When Puducherry-based author-turned volunteer at Midam Ashram Sushrut Badhe started administering the Vedic Chants Intervention Program—designed by the Midam Charitable Trust—to autistic children in schools of Puducherry in 2013, kids were unruly. “A boy grabbed my eyeglasses, another scratched me, some of them even passed out and others hit the speakers. But at the end, children showed stark changes and the ones who were creating troubles started disciplining other children and even came forward to switch on the speaker and so on.
Moreover, a girl with Attention Deficit Hyperactivity Disorder sat silently for five minutes,” says Badhe, who has been working as a researcher at the ashram for past seven years.Each 17-minute session in which the chants were played on a music system was conducted under the guidance of a child educator.
Now, he has got geneticist Dinesh to take this research forward on a larger level for the trust. Dinesh says, “I met Sushrut during a programme at Madurai, where he told me about the study he had done at a special school in Puducherry, and then I did a similar study in several schools of Chennai. The result was positive, so he asked me if I could work with him on further research on the subject and I agreed to it.”
“The findings from both the studies revealed significant behavioural changes in kids then, and those were presented at the international conference on human genetics in 2014. The presentation was even adjudged winner in the therapeutic category,” says Badhe.Meanwhile, Dinesh has now joined the Jawaharlal Institute of Postgraduate Medical Education and Research (JIPMER) as a post doctoral fellow. “I am working on the project in collaboration with Dr Sunil Narayan, Professor of Neurology. We will study the impact of Vedic chants on children with autism,” he says.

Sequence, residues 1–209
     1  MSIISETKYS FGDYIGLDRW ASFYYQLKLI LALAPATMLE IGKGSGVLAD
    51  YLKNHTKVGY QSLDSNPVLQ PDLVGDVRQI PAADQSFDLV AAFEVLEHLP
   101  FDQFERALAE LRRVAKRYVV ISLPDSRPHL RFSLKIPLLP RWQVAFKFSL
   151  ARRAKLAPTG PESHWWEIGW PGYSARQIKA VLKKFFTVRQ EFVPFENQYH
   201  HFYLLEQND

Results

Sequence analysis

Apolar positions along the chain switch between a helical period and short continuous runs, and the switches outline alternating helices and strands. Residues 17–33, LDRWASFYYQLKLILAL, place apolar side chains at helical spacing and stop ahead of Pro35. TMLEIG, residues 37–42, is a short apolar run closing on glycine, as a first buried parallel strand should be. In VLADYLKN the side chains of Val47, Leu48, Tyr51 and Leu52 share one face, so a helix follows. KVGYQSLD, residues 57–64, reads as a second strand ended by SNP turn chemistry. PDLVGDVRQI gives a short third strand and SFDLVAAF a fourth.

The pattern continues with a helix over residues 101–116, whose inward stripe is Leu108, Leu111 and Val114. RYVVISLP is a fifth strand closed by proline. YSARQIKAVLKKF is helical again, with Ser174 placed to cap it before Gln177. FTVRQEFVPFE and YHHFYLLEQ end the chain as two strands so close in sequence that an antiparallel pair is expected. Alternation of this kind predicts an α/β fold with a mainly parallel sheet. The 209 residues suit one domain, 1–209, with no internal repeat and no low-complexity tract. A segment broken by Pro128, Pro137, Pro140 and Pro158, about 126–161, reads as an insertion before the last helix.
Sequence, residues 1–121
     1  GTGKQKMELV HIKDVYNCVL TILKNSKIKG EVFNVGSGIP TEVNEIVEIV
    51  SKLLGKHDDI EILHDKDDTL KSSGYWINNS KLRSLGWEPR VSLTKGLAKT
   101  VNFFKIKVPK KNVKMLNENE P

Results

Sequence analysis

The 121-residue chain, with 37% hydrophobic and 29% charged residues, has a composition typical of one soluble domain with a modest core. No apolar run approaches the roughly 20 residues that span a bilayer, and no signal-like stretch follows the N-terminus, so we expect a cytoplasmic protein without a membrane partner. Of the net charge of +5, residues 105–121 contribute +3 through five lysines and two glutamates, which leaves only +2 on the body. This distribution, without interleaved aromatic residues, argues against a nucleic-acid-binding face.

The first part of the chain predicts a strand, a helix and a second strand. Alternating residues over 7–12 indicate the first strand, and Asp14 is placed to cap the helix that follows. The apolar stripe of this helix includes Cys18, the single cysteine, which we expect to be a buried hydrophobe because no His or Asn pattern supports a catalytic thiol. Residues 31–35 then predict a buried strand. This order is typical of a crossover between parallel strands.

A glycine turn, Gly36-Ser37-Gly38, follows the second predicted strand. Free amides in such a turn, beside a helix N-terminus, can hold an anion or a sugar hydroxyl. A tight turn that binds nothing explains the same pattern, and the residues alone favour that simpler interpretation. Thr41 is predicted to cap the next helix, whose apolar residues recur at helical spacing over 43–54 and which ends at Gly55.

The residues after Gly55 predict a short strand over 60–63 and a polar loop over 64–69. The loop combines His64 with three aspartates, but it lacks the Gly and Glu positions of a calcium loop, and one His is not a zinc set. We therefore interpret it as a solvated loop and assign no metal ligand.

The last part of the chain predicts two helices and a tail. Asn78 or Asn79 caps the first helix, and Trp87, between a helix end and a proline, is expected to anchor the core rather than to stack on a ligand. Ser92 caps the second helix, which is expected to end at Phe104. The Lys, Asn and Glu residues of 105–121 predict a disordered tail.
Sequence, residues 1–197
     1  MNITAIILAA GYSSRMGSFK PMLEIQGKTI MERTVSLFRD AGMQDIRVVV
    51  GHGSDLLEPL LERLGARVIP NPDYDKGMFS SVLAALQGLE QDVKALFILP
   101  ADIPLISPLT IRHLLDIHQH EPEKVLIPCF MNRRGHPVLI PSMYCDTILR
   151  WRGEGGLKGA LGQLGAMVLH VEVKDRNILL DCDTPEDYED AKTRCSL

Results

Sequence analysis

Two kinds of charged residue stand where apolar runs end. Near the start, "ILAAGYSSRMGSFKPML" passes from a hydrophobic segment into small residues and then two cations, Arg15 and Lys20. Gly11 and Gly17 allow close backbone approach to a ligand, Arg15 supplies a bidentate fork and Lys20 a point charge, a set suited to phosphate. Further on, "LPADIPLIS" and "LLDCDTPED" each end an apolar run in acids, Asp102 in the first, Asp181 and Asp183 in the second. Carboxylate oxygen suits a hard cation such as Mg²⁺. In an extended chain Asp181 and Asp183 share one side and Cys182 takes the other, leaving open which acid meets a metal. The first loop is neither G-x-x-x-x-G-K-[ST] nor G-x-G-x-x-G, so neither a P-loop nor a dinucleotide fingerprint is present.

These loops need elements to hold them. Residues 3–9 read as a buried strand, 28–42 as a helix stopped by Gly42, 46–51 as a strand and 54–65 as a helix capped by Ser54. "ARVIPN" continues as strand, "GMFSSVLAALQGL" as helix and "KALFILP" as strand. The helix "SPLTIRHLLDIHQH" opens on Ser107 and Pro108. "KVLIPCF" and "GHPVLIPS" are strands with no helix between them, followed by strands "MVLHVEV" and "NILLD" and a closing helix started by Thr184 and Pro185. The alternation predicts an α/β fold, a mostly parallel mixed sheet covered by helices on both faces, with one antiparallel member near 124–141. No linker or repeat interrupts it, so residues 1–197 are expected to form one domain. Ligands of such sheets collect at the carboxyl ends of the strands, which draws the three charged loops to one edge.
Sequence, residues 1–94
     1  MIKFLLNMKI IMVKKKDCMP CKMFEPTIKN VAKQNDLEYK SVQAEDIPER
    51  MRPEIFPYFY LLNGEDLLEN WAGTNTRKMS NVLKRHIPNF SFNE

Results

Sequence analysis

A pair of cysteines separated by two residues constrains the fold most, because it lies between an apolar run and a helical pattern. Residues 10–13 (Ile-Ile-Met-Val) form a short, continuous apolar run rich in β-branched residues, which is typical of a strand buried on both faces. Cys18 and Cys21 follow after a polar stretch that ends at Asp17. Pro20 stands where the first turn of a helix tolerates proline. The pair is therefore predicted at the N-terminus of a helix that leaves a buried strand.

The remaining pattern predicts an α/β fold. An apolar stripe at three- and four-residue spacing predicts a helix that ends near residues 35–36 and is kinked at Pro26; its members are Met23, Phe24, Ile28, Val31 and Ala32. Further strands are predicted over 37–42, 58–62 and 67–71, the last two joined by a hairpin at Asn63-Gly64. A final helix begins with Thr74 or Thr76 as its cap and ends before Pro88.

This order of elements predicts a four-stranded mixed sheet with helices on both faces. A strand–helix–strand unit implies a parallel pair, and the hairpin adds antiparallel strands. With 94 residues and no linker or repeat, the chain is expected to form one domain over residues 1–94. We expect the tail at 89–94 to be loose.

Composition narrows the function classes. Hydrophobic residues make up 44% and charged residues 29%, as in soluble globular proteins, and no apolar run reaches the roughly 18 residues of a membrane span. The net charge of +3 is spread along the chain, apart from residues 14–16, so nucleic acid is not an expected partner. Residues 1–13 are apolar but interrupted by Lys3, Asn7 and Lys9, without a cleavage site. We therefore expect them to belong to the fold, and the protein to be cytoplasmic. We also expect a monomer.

Meanwhile, Sushrut is keeping up his good work by helping children out using the therapy. But one would think how a mechanical engineer got inclined towards all things spiritual.“I first went to Midam Ashram with my mother—a senior professor at the Department of Pathology at JIPMER—who teaches the Bhagavad Gita to schoolchildren as a volunteer of the trust. As I was a patient of sinus and was shifting to the UK, a cold country for a PG programme, I wanted to learn pranayam from Guru Sri Madhusudan Raghunath Damle,” says the 28-year-old.
He was so awestruck by the way guruji answered his questions that he asked Damleji, if he could stay with him for some time. “He agreed and it has been seven years now that I am living with Guruji at the ashram,” says Badhe, who then took forward Vedic Chants Intervention Programme designed by the guru for treating children with autism.
Reminiscing the first drama we did for the children at Sathya Special School in Puducherry, Badhe says, “It was comical wherein we made clowns of ourselves. Children laughed at our jokes and it was a great experience because we were doing something for autistic kids. Damle ji was so happy on seeing the recording that he designed a module using hymns from Vedas, which Damleji felt induced soothing effect on kids.”
But his quest for exploring the spiritual scriptures did not stop there. The youngster is working to pass on the wisdom from the past. So, he wrote the Bhagavad Gita, Isha, Mandukya, Kena and Anand Upanishads in rhyme format, making the ancient texts accessible to the youth using mobile applications and his YouTube channel ‘Rhythm of Krishna’.
“While at college, I used to like Eminem’s raps. When I had written Bhagavad Gita, my friends were reluctant to read it. So I thought of uploading it on YouTube,” says the author.
“When I wrote a few Upanishads in rhyme, I wanted to make them available on apps so as to make it reach the mobile generation,” says Sushrut, who has now developed a first-of-its-kind app called ‘Instaveda’ in which he has sung verses from Isha Upanishad. “I have used sounds of water tumbling down from the clouds and roaring thunder as a backdrop. And this app that was launched two weeks back has also been declared as the first mobile app to have Upanishad in audio rhyme format, by Assist World Records Research Foundation, Auroville.”
Ask about Badhe's future and he says, “I am now writing verses from the Rig Veda in rhyme format. I also want to explore the benefits of Vedic Hymn therapy to persons with mental retardation and hyperactivity.”